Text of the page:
Rye in our country usually starts to head out around the third week of April, but like everything else this last year, it’s on its own schedule and it’s early. A few farmers are starting to lay some of their rye down for hay, man it’s early. We usually lay our rye down around April 20 but it’s fully headed now. Typically as soon as it heads, it starts losing leaves, which is why we try to cut it when it’s about 50 to 75% headed. It’s sometimes a
struggle to get it to cure in late April, which has me wondering what will happen laying it down this early. We saved 160 acres to lay down for hay this spring and have decided to monitor it and let it remain standing until it starts losing leaves. It’s not “normal” but nothing has seemed “normal” for the past 18 months. We’re going to hay 480 acres of wheat, which will probably be earlier than usual too. I’ll keep you posted as that gets closer.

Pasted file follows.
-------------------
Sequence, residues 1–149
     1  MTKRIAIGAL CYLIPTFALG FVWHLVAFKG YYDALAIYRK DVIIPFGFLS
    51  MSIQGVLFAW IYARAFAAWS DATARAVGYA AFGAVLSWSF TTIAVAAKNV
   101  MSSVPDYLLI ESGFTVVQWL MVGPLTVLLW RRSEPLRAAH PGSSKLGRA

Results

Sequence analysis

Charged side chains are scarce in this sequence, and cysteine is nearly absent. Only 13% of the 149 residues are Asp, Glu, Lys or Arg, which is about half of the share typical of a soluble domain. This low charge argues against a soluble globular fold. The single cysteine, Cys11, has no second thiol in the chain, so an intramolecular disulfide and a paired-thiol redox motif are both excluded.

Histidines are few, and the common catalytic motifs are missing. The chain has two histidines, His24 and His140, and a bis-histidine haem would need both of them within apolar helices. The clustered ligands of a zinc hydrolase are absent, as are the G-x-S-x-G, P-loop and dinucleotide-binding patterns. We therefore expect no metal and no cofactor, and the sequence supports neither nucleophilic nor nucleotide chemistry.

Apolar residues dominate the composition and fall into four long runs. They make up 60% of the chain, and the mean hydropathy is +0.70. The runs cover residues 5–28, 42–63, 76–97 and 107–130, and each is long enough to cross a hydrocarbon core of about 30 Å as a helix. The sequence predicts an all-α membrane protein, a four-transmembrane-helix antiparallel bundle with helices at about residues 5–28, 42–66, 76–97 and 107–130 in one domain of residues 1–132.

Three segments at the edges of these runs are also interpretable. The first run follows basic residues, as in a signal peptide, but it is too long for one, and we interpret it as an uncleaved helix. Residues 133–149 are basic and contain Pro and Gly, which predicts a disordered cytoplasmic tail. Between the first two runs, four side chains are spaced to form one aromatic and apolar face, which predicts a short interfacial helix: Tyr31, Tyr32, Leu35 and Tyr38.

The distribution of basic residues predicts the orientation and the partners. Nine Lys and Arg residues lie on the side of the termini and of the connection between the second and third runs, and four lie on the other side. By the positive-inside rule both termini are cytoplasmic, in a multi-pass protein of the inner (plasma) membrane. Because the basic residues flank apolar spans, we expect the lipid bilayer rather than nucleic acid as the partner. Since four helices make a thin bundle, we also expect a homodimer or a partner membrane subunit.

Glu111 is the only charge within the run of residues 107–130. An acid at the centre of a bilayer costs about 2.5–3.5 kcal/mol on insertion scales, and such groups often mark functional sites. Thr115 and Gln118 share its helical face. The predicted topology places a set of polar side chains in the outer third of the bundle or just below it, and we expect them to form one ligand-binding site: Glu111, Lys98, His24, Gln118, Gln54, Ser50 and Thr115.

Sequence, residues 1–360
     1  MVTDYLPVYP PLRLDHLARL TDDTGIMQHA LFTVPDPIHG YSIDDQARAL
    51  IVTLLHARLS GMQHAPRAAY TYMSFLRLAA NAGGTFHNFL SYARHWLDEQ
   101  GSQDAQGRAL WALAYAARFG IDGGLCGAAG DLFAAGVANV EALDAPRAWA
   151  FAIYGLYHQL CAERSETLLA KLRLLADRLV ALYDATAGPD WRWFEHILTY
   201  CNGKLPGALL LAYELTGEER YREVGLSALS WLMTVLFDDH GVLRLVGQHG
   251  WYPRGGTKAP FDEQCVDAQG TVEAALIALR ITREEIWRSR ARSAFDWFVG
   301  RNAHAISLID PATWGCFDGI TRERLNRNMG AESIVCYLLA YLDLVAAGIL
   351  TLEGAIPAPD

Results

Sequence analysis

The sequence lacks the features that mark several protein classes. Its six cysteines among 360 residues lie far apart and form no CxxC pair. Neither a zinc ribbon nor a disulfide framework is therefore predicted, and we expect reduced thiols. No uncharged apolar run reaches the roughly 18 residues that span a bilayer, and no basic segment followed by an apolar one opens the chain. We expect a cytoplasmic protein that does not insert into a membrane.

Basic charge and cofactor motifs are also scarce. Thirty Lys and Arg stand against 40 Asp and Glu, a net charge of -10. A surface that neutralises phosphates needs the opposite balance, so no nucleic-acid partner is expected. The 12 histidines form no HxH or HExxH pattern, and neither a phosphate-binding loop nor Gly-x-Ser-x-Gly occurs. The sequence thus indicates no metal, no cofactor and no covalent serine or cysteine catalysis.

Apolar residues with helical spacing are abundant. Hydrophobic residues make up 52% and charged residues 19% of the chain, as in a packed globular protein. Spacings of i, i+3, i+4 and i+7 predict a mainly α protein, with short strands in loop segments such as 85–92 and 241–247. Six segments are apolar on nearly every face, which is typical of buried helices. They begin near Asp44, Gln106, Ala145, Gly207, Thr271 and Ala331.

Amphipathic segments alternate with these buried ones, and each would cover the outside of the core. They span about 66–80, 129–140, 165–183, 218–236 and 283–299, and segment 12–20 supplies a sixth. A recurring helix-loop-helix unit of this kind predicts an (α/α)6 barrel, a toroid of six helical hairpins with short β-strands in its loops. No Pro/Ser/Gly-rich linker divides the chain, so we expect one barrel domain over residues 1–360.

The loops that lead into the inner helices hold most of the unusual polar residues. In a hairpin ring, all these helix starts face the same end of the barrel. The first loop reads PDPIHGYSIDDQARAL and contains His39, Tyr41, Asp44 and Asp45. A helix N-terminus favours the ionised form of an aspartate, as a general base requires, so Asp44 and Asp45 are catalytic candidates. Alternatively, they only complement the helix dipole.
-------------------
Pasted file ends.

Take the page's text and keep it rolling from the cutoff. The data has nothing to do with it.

We started fertilizing and applying weed killer to our bermuda grass. We have about 1,000 acres to get over and we covered 400 acres before the nice quarter inch rain this morning. We should finish up this week. We hire an aerial sprayer to apply weed killer to
our native pastures. I turned in the acres yesterday, so they should get started soon. Clayton finished up our fence row spraying to keep the feral rye from getting a foothold on the edge of our wheat fields.
Cari and I went to a bull sale, B&D Herefords, on a ranch near Claflin, KS, last Tuesday. It is our third year to buy bulls there. We bought 3, two-year-old bulls, which they delivered to our farm. We branded, ear tagged, and turned them out with a herd of 40 Angus cows the next day. Pictured
with one of the new bulls is a half Hereford, half Angus calf whose sire is one of the bulls we bought from B&D two years ago. I really appreciate the good dispositions and genetics that Herefords bring to our herd.
Our heifers continue to calve daily. We are all looking forward to them finishing up.